Miles 10/11 - During the stretch between 9 and 10, I got a phone call from Christy. She had just finished the race and was going to be waiting for me at the finish line. Alright, I thought. She's done, so let's not keep her waiting. Mile 10 was my fastest in the second half and by the time I hit the 11 mile marker I was feeling very confident that I could finish strong. I checked my phone to see what all the buzzing was about, and it was a text from Christy saying I was on pace to finish in a PR. Fuck. Keep running. But the quick mile 10 killed my legs, and the 10 to 11 stretch was my slowest of the day. I needed to walk a bit but was determined to keep moving forward as quickly as possible. Whether that meant walking or running, just keep putting one foot in front of the other.
Mile 12/13 - The stretch from 12 to 13 was the most physical pain I've ever had to put my body through. That's not saying a lot though, since I have a low pain tolerance and I haven't ever had any real excruciating pain scenarios. But still, it was not pleasant. At this point my thighs were seriously fatigued and my back was killing me. Killing me. Every 15 seconds I had to keep reminding myself to keep my shoulders back and my head up. It's amazing how easy it is just to slouch along that last mile. I ran/walked this section best I could. I just really wanted to be done.
13 to 13.1 - The only hill of the race. Not kidding. You hit the 13 mile sign and there's a quick turn around the corner of the art museum and BAM. A hill up to the finish. Just one final fuck you from Philly. I'm a sprint-as-soon-as-I-see-the-finish sort of runner, so I turned the corner and used every extra ounce of energy I had, lengthened my stride, and just flew over the finish. I crossed the timing mats, stopped my iPod, and felt like I was going to pass out and throw up all at the same time. A good 30 seconds of leaning over, hands on my knees, waiting for my brain to catch up with my body, and I was good to go, finishers medal in hand, and walked across the raceway to Kelly and Christy's energetic smiles. I kind of wanted to punch them for having so much energy. But I knew that was the low blood sugar talking.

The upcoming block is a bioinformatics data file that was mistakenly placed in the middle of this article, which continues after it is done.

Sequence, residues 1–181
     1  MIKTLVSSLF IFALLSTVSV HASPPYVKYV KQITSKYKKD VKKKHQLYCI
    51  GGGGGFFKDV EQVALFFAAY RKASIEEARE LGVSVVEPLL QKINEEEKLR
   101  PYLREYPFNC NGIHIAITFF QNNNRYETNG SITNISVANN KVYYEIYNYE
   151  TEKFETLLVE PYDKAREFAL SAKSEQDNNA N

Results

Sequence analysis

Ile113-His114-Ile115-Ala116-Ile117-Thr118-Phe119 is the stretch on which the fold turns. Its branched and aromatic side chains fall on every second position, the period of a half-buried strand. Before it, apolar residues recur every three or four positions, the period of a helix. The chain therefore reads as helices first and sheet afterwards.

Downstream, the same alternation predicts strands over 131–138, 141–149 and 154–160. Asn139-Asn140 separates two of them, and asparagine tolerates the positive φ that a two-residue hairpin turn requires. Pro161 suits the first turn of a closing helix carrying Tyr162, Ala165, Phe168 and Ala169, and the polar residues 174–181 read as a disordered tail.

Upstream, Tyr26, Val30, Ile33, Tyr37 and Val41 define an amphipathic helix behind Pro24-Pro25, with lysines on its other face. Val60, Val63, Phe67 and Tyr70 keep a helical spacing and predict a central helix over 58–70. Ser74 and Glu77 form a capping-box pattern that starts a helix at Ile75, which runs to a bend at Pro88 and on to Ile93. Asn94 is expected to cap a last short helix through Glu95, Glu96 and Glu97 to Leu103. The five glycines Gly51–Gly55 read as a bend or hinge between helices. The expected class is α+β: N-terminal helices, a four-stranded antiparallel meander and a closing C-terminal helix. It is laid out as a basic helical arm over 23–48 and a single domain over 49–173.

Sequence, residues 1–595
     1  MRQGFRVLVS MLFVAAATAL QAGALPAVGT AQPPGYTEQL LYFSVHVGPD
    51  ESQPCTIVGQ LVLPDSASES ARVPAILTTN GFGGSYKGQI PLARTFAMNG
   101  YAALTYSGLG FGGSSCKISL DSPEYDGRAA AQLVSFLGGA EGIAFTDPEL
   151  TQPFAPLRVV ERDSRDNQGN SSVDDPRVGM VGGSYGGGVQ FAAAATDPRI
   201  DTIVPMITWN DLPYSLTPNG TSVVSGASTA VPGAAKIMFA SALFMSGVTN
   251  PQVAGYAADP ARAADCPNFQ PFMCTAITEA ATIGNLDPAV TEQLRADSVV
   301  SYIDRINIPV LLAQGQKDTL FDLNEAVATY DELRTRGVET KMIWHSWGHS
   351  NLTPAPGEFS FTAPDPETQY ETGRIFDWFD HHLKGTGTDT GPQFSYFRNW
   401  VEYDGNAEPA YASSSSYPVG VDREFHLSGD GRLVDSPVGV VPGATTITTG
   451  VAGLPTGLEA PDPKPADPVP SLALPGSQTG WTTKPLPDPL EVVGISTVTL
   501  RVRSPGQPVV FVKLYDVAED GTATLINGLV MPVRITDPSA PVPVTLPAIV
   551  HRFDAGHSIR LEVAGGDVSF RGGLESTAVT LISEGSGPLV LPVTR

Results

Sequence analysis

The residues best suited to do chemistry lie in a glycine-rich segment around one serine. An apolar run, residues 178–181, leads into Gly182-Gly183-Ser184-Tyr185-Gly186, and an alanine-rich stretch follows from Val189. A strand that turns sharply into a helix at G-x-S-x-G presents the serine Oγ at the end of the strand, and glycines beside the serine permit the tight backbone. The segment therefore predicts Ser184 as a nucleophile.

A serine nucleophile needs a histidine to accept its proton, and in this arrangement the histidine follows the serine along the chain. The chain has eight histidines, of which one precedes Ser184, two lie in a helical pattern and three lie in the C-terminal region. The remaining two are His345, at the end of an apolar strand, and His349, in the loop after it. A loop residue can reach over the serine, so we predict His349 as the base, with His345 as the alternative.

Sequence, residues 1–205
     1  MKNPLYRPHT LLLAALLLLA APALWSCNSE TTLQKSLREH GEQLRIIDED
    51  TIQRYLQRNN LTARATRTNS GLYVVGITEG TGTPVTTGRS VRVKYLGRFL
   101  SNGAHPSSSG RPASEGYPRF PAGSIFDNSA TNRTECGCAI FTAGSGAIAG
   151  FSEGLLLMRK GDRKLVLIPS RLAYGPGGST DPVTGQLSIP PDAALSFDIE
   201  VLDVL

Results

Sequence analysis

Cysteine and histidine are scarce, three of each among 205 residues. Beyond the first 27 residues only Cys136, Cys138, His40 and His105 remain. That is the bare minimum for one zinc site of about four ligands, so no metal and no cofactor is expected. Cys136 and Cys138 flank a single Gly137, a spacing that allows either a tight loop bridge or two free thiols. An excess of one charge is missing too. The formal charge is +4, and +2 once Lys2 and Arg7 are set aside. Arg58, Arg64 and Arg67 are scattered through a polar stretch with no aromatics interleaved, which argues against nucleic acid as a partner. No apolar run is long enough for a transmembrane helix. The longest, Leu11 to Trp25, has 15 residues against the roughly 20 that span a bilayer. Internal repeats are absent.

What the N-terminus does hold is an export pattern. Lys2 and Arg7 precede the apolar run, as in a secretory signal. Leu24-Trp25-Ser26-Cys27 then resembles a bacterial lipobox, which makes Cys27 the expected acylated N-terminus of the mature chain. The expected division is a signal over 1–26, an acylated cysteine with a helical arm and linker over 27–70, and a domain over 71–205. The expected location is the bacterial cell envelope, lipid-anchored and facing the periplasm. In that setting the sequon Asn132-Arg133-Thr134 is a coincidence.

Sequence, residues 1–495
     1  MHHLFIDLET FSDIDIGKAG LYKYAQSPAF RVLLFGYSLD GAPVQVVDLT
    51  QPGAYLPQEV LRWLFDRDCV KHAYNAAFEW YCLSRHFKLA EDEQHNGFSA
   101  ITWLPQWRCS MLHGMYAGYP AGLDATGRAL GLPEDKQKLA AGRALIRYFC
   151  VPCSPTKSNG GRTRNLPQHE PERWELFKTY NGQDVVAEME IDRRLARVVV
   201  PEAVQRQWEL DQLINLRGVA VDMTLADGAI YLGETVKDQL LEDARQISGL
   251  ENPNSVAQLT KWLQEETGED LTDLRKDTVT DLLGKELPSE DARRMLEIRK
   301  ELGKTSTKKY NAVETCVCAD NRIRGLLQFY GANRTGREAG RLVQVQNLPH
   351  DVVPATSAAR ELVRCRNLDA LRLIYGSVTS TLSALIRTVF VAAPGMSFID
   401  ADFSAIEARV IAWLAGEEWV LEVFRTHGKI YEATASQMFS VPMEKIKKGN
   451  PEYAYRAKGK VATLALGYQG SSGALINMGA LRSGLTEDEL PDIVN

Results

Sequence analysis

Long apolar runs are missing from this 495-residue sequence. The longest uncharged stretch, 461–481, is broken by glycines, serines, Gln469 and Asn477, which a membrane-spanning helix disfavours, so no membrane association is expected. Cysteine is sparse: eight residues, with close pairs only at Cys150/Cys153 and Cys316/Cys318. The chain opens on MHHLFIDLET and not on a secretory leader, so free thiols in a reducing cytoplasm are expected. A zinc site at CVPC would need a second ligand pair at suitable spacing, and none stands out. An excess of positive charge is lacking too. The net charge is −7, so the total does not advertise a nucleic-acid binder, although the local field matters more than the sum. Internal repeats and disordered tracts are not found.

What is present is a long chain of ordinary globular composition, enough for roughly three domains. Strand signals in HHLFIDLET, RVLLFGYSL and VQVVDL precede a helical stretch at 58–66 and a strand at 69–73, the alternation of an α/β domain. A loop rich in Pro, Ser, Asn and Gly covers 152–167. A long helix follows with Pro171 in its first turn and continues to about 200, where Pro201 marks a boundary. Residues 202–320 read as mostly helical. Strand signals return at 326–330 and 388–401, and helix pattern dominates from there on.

I headed into the finishers area to get some water and food only to find that most of the vendors were packing up their booths and all the waters/gatorades were warm. Number 1 pet peeve at races - having no respect for the people at the back of the pack. Are we not equally deserving of cold beverages post race? I would have loved a granola bar or a non-mashed up banana. But I guess not. I grabbed what I could and hobbled out to find Kelly and the medical tent. My knees felt like someone took a baseball bat to them, so I wanted to get iced up immediately. I walked into the medical tent and literally stood there for a minute without anyone even noticing me. I guess if you're not vomiting or bleeding they get to ignore you? I finally asked someone to get my knees iced up and she looked pretty bothered that I was going to interrupt her cleaning everything up. Sorry lady, but the race isn't over. Ice on the knees, and water bottles in hand, Kelly and I headed back to the hotel so I could clean up before we headed home.
Here are my splits, mainly just for my own record keeping, but if you're interested...
1 - 11:50 2 - 10:41
3 - 11:44 4 - 12:16
5 - 12:38 6 - 14:30
7 - 12:35 8 - 13:47
9 - 14:05 10 - 12:08
11 - 13:58 12 - 12:46
13 - 13:00
Official time - 2:58:04. My first half marathon in March was 2:51, so this race wasn't a PR but I felt stronger this time around and definitely ran more versus run/walk. So I'm happy with my time :)
And we'll close this post with another photo from after the race. Ice packs strapped to both knees. Super sexy, I know.
Thanks to everyone who listened to me complain about this race in the weeks leading up to it. Thanks for your facebook comments and text messages of support. And thanks for reading this ridiculously long race recap :) Hoping to run the Cherry Blossom 10-miler again in the spring, and then probably tack on another half marathon right after that. Nothing scheduled officially yet, so stay tuned...